What’s the backstory here?
Almost eight months ago, on February 10, the Electoral Commission announced they’d been looking into “issues raised regarding the New Zealand First Party and the New Zealand First Foundation and their compliance with the requirements for donations and loans”.
In its estimation the NZ First Foundation had “received donations which should have been treated as party donations for the NZ First Party” and were “not properly transmitted to the party and not disclosed as required by the Electoral Act 1993”.
The Electoral Commission lobbed it to the police. A day later, on February 11, the police lobbed it to the Serious Fraud Office, which announced a week after that, on February 18, that it would launch an investigation.
‘Issues raised’? By whom?
In November of 2019, stories by Guyon Espiner for RNZ and Matt Shand for Stuff, drawing on documents thought to have been leaked by a disaffected former NZ First president and NZ First Foundation trustee, detailed a “NZ First donations scandal”, and what was dubbed a “slush fund”, in which money donated to the foundation was used by the party.
One of the reports included a dumpster and, in a nod to history, a wine box.
Who is the former NZ First president?
Lester Gray. A year ago he resigned, saying he would not be signing off party records because he had been denied important information, and “this type of operation does not align with my moral and business practice values, and I am therefore not able to support the party any longer”, Stuff reported.
He was later photographed meeting Espiner and Shand, with the pictures surfacing on BFD, the successor to Whale Oil. Winston Peters said: “We took the photograph, just to prove that’s the kind of behaviour going on.” He later said: “NZF has no interest in following Mr Espiner or any other journalists. The very reverse applies. No private investigators have been engaged to follow Mr Espiner or anyone else. A supporter thought it odd seeing ex-president Lester Grey with Mr Espiner so took a photo.”
What sort of dollars are we talking?
According to RNZ, between April 2017 and August 2019, “nearly $500,000 was deposited into the foundation’s bank account by donors, including from some of New Zealand’s wealthiest businesspeople”. Across that period, the foundation reportedly spent more than $425,000 paying bills for the NZ First Party, “including campaign advertising expenses, political consultants’ fees, renting and setting up a campaign HQ in Wellington, and running the party’s website”.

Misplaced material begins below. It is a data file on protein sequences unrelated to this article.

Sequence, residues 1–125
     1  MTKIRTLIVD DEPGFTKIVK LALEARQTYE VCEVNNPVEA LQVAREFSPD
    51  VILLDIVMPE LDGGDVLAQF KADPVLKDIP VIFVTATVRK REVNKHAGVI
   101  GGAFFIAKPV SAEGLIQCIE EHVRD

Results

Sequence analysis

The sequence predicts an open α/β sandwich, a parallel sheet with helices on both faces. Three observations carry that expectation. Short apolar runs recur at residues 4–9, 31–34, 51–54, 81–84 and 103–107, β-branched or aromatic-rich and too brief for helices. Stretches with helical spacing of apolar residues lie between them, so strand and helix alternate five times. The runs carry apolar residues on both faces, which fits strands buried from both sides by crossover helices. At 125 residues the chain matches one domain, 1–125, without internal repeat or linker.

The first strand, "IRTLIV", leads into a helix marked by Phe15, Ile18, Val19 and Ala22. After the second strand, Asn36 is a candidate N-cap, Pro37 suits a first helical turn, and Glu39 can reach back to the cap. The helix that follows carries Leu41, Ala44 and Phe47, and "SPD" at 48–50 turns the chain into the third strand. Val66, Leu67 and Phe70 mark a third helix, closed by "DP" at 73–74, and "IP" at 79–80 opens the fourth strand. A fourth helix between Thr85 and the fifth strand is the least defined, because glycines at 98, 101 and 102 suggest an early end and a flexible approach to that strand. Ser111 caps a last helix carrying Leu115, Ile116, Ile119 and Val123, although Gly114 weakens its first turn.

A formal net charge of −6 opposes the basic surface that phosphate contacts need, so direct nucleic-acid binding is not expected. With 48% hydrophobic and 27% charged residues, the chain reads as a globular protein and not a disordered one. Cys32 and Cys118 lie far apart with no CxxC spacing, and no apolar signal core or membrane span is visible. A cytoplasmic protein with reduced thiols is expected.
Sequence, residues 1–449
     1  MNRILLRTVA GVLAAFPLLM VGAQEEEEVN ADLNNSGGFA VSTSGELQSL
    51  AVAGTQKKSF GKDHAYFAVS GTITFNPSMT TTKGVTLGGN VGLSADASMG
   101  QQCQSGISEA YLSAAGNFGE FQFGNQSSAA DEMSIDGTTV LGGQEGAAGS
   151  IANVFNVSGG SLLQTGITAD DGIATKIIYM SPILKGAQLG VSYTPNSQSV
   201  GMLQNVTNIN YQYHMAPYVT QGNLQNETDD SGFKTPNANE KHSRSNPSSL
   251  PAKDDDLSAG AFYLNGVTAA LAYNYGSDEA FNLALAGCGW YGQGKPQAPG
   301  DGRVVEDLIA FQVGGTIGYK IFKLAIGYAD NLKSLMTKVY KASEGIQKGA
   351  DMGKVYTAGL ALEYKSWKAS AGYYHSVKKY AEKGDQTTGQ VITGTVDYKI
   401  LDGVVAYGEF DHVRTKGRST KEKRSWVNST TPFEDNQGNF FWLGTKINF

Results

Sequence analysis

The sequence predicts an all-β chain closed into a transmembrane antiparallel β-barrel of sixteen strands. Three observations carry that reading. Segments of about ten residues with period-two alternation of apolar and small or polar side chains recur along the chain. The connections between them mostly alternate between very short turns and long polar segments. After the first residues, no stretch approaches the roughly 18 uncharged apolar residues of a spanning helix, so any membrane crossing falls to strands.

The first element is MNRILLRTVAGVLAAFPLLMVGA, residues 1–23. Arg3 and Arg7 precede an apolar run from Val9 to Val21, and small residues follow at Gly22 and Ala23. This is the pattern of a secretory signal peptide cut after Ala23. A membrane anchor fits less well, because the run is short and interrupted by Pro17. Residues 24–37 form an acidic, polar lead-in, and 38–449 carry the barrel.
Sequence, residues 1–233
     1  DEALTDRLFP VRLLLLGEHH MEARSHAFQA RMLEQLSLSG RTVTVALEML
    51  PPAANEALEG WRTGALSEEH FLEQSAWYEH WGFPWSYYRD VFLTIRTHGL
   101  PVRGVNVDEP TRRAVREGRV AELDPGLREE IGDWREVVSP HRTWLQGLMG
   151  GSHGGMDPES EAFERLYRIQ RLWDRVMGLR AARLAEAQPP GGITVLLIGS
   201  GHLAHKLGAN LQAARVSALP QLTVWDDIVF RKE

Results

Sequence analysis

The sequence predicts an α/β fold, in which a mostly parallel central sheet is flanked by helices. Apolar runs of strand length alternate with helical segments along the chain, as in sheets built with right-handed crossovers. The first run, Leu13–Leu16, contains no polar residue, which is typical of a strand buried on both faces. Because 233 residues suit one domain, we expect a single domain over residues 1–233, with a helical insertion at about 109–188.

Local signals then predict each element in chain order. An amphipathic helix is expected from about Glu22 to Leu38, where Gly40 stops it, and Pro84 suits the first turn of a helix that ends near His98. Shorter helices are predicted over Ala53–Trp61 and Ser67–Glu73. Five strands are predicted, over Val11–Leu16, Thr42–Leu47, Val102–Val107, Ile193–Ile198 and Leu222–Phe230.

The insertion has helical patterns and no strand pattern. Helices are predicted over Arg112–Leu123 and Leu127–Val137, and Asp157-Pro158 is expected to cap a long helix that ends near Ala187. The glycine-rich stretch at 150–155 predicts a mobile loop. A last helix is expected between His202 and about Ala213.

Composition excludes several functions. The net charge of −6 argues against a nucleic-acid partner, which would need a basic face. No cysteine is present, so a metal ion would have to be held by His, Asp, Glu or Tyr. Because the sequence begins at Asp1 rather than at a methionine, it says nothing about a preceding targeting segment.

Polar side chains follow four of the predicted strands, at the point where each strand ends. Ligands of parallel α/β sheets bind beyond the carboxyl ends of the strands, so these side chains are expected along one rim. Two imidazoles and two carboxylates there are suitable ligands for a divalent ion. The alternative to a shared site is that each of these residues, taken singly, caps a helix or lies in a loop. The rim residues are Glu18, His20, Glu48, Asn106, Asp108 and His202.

Aren’t there other political cases floating around?
What about Jami-Lee Ross and all that?
Yes there’s that too. The former National MP and three businessmen are currently facing fraud charges related to donations to the National Party at the high court.
How is NZ First polling?
The latest Colmar Brunton poll for TVNZ had the party down a percent to just 1%. Anything under 5% would leave a return to parliament hinging on Shane Jones pulling off a massive upset and winning Northland.
How did Peters respond to the poll result?
He hasn’t. But he said last week’s Colmar poll, which had NZ First on 2%, was “rubbish”, adding, “If you want to go on making yourself look stupid, that’s your problem.”
What does it mean for NZ First’s election prospects?
Asked as much by a journalist, Peters said this: “That depends how fair you’re prepared to be in correcting the months and months of deceit, lies and rumour with malice that you and your colleagues have spread.”
It’s an awful lot to digest. Don’t suppose there’s a handy glossary for the whole episode?
Of course. Here.